“They have the best baseball weather this time of year,” the old man explained. “I grew up in Mayaguez and wish I was spending the winter there, too. It’s the perfect place for Kennedy to polish his curveball and get his confidence back.”

Kennedy carries a 2-2 record and a 1.56 ERA into today’s game against the Lobos de Arecibo.

“I’ve heard he looks great,” the old man said. “I believe in the kid and still think he’s going to be a good Major League starter.”

The old man crumpled his coffee cup and gripped it like a curveball.

“I used to do some pitching myself,” the old man said. “I could drop curveballs in for strikes all day.”

The old man smiled because he knows that the best curveballs come from memories.

“It’s a lot easier to talk about ‘em than it was to throw ‘em,” he admitted. “Good curveballs have a way of getting lost.”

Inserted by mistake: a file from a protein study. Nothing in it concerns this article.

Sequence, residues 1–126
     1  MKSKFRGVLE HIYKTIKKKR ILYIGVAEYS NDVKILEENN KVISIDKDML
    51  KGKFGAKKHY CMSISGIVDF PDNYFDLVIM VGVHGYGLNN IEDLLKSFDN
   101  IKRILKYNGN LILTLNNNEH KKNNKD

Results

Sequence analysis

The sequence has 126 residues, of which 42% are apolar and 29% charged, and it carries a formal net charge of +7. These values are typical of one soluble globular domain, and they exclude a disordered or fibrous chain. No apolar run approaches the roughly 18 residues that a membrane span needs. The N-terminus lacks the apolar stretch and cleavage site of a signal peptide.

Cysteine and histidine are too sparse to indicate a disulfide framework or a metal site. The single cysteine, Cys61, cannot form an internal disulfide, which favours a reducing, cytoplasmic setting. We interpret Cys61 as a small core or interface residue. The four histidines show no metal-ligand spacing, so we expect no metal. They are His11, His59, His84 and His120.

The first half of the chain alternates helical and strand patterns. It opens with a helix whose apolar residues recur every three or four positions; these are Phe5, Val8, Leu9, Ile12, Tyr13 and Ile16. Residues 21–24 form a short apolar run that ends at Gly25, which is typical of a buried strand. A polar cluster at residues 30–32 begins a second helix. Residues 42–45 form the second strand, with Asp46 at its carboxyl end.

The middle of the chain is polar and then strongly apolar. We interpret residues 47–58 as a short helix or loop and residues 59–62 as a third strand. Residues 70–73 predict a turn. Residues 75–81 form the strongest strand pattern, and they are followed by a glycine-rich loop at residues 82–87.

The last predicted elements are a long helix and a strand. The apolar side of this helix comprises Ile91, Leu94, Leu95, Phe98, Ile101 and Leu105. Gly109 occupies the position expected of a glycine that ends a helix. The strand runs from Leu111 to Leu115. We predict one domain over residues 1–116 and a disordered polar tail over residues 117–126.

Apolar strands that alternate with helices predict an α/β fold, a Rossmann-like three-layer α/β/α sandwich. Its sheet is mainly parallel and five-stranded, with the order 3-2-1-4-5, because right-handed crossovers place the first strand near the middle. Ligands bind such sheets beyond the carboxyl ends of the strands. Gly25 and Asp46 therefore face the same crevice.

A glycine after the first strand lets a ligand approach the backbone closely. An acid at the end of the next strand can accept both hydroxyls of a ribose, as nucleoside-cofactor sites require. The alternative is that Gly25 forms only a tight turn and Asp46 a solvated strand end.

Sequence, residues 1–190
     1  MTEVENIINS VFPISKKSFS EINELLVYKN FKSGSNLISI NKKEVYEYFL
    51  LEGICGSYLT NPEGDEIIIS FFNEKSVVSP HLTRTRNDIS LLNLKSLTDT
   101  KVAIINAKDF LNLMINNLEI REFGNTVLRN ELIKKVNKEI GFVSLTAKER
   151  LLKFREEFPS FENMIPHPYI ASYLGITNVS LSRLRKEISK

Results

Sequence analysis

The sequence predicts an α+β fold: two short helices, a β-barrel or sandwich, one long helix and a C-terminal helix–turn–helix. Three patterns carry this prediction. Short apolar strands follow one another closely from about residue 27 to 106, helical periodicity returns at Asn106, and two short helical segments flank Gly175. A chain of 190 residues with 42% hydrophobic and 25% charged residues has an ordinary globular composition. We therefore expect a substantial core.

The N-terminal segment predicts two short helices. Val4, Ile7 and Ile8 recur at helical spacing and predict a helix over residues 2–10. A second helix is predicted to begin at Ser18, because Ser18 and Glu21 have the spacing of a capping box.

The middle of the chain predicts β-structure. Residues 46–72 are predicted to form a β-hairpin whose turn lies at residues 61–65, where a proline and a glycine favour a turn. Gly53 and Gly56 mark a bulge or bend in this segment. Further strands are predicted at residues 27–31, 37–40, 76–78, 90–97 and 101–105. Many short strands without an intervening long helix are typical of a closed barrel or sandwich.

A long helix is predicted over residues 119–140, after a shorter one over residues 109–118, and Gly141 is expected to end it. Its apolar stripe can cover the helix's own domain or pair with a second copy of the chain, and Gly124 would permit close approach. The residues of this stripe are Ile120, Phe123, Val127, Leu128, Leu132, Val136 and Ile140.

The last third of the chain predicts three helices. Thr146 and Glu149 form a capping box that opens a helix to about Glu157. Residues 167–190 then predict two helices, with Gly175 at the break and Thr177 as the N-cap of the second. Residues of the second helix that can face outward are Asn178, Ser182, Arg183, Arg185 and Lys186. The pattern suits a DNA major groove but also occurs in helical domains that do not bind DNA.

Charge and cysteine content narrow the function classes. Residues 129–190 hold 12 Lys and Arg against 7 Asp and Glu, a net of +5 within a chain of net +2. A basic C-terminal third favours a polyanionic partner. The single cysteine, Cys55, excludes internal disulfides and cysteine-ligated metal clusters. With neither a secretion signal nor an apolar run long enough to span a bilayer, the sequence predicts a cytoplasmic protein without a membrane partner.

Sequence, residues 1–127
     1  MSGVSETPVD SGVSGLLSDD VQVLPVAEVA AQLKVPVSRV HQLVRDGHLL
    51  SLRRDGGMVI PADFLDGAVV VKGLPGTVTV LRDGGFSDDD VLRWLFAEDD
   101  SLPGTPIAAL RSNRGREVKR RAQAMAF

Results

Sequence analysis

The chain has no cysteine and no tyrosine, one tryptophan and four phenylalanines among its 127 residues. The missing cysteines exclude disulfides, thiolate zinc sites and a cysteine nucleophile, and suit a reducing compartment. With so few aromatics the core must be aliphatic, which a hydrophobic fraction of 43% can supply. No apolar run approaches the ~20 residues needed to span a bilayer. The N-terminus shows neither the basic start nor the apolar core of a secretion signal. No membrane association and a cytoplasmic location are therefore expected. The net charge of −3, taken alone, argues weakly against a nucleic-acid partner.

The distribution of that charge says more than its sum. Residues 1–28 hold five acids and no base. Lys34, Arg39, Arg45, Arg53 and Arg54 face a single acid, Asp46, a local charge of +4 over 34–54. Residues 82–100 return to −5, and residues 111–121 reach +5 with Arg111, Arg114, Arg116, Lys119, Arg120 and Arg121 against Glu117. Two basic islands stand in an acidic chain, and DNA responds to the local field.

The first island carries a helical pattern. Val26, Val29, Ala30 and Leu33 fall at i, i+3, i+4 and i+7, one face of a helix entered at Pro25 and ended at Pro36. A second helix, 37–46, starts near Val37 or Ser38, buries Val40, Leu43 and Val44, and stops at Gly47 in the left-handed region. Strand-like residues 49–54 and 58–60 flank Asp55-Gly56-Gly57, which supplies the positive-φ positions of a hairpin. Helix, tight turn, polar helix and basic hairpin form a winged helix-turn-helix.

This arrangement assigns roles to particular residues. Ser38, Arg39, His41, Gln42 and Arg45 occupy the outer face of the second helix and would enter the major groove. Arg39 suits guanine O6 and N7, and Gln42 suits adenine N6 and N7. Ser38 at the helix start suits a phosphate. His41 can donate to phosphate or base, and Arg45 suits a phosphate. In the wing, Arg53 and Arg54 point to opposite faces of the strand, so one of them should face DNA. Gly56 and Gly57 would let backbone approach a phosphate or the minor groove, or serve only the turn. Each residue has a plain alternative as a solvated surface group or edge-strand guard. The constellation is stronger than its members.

Kennedy lost his sometime last year and got knocked around by big-league hitters.

“They were sitting on his fastball and changeup,” the old man said. “He needs to have a third pitch working. Maybe now he’s found the curveball I lost all those years ago.”

Another smile tugged at the edges of the old man’s mouth.

“I know he didn’t really find mine,” the old man said. “He found his own curveball and that’s going to make all the difference.”


I will start with a confession: I now love A.J. Burnett. I love his sizzling fastball and knee-buckling curveball and disappearing changeup. I love his sneer and his stare and his cocky glare.

I used to hate all of it when he handled my team – one, two, three – spit and walked off the mound like he owned the world. A guy like Burnett is easy to hate when he’s on the other side, but I find him irresistible now that he’s with us.

I officially fell for him last night in a bar. The music was loud, but the shouts were even louder when the news rolled across the screen: “ESPN’s Jerry Crasnick reports that the New York Yankees and free agent A.J. Burnett have reached a preliminary agreement on a five-year, $82.5 million contract.”